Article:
Thursday, February 4, 2016

Vera Series 4 - On Harbour Street - Episode Review

My review of the first season of Vera.
My review of the second season of Vera.

My review of the third season of Vera.

So: the first episode of series 4 finds Joe and his suddenly older daughter, (played by a different actress, Olivia Armstrong) Jessie, boarding the train after church. Among the crowd is Margaret Kraszewski, a do-gooder that the camera’s lingering gaze implies is not long for this world. Sure enough, when the crowd vacates the car, Jessie finds the old woman dead - stabbed in her lower back.


The discovery is quite traumatic for Jessie, and brings Joe's job and home lives crashing together. There’s significant dramatic material to mine here, but the episode only returns to it sporadically. Jessie is a bit of a blank. She was disturbed by the encounter - the old woman smiled at her before she died - but there is no real examination of the effect on the girl. Perhaps the most important result is to place Joe in a more stressful situation - Celine needs him to be there for Jessie, Vera needs him to be around hunting a murderer. But, as Vera points out, he has to make his own decisions - if he's doing overtime, that's because he's chosen to do so. (Still, Vera's innocent "What am I? A bully?" is a bit rich. Yes! She is a bully!)

As it turns out, Margaret ran a home for women from rough backgrounds. She boards with Kate Darrow, who escaped with her two teenage children from an abusive relationship. Her fiance, Stuart Bayliss, hangs around, altogether too pleasant, in the background. Residents of Margaret's Home (current and just former, respectively) include an emaciated teenage girl, Emily, and a prostitute, Dee Sinton.

Dee and Margaret go back - they’re both in a pub snapshot from thirty years ago - along with Valerie Furlow, her son, Ricky, and a man who now lives and works in the bay beside Margaret’s shelter: Malcolm Kenrich. Considering this man has been moodily staring up at the house and having flashbacks and is played by Paul Copley of Hornblower and Downton Abbey fame, it’s not unreasonable to assume he’s going to be an important character.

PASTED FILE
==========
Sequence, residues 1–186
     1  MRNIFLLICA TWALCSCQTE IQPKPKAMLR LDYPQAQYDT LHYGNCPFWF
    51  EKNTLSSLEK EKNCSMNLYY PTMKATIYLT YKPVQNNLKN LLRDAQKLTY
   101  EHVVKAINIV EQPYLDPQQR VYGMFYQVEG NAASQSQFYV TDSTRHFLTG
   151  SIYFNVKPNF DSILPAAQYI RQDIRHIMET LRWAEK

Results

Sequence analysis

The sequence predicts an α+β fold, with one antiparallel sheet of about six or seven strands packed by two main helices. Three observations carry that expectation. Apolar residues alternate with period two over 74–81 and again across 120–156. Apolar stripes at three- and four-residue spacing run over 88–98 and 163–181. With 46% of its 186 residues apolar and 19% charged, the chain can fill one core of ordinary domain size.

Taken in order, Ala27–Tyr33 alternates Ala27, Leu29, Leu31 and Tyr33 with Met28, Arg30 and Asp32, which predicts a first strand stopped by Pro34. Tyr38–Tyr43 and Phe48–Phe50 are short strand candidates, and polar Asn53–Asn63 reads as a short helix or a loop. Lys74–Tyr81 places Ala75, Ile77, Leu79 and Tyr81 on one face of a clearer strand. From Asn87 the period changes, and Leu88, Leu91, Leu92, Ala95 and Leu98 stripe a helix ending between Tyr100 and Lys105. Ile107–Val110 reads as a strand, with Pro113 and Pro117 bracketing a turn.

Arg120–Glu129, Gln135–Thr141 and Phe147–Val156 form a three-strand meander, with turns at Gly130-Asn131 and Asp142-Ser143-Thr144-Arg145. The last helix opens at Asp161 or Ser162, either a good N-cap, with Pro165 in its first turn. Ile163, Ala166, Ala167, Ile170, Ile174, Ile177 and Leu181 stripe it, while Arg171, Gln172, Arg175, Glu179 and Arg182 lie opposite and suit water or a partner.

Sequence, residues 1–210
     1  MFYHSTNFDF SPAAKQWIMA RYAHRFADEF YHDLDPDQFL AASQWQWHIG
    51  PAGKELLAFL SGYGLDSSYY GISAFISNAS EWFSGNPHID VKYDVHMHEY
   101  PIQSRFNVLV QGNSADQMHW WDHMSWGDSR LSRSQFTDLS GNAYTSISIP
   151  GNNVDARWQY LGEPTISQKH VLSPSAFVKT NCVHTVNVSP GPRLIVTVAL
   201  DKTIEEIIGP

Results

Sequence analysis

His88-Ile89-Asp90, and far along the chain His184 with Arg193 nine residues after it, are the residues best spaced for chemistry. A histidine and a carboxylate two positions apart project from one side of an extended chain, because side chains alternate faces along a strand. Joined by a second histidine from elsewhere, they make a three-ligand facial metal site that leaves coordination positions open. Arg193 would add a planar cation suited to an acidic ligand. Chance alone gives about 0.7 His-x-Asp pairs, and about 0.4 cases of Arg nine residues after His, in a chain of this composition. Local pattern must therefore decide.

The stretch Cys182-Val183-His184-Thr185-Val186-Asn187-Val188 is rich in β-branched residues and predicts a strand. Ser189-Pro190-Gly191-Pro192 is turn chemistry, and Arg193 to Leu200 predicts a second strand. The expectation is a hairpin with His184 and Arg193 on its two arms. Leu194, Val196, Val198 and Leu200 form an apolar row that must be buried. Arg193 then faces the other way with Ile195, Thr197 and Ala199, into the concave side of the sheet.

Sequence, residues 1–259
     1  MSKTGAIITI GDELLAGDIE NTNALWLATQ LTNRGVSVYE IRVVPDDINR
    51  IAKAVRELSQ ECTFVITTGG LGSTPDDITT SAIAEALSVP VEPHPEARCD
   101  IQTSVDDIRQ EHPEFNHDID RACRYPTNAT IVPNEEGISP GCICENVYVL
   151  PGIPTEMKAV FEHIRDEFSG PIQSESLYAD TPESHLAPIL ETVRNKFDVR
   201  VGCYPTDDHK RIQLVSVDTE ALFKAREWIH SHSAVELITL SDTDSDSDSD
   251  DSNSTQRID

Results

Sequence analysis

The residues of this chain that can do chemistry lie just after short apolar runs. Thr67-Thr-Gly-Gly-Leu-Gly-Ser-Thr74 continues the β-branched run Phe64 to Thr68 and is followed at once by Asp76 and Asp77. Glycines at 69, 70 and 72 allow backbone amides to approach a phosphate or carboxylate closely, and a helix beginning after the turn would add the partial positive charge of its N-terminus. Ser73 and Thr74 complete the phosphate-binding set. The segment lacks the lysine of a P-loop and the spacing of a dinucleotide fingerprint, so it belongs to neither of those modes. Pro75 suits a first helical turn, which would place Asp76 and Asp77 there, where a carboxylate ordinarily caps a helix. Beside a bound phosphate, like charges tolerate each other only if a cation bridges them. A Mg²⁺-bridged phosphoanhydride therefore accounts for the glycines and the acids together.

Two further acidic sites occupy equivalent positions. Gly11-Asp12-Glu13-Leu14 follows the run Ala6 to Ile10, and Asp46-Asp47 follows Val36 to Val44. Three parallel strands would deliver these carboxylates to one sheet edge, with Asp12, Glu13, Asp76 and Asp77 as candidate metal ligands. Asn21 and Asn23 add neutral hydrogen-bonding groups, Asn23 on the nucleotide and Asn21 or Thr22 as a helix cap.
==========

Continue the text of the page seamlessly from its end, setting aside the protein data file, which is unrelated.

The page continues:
Perhaps the most important character, however, is the Island. It forms the center of the episode - from the first moment Vera stares at it, swept up in déjà vu. It’s striking, aesthetically, a warm green which contrasts with the usual rugged moors we see on Vera. Colors in general are softer here - Vera has a bright new scarf (color-coordinated with the train car’s paint, I notice), her hair is lighter, the grass is green, the north even looks warm.

Our recurring cast has suffered a loss: Billy is replaced by cocky young pathologist Marcus Summers. Shep is very impressed. Vera is coming around, though Joe remains suspicious.

Overall, this is a strong opener. There are quibbles: Vera and Joe’s story arcs - a brief revelation about Vera’s father and Joe’s struggle with work and Jessie - feel like they get short shrift. In the end, most of our emotion is suddenly and unexpectedly rerouted elsewhere, in a dramatic confrontation. If those storylines don’t feel like they quite get the depth they should - Vera’s monologue about her father is a masterful, simple performance by Blethyn - one of her very best.

“And then I grew up.”

My review of the next episode: Protected.

Want something good to watch? Check out my full list of British detective shows.

Longish

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